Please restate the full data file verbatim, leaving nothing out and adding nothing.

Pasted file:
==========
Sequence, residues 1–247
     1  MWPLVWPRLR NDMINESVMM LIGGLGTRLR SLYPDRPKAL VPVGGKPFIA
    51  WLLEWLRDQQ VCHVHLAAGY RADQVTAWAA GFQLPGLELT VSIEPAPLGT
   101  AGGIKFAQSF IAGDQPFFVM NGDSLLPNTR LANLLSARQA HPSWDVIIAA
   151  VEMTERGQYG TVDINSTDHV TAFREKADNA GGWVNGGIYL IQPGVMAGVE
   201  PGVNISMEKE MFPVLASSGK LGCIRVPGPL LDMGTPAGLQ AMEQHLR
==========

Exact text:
Sequence, residues 1–247
     1  MWPLVWPRLR NDMINESVMM LIGGLGTRLR SLYPDRPKAL VPVGGKPFIA
    51  WLLEWLRDQQ VCHVHLAAGY RADQVTAWAA GFQLPGLELT VSIEPAPLGT
   101  AGGIKFAQSF IAGDQPFFVM NGDSLLPNTR LANLLSARQA HPSWDVIIAA
   151  VEMTERGQYG TVDINSTDHV TAFREKADNA GGWVNGGIYL IQPGVMAGVE
   201  PGVNISMEKE MFPVLASSGK LGCIRVPGPL LDMGTPAGLQ AMEQHLR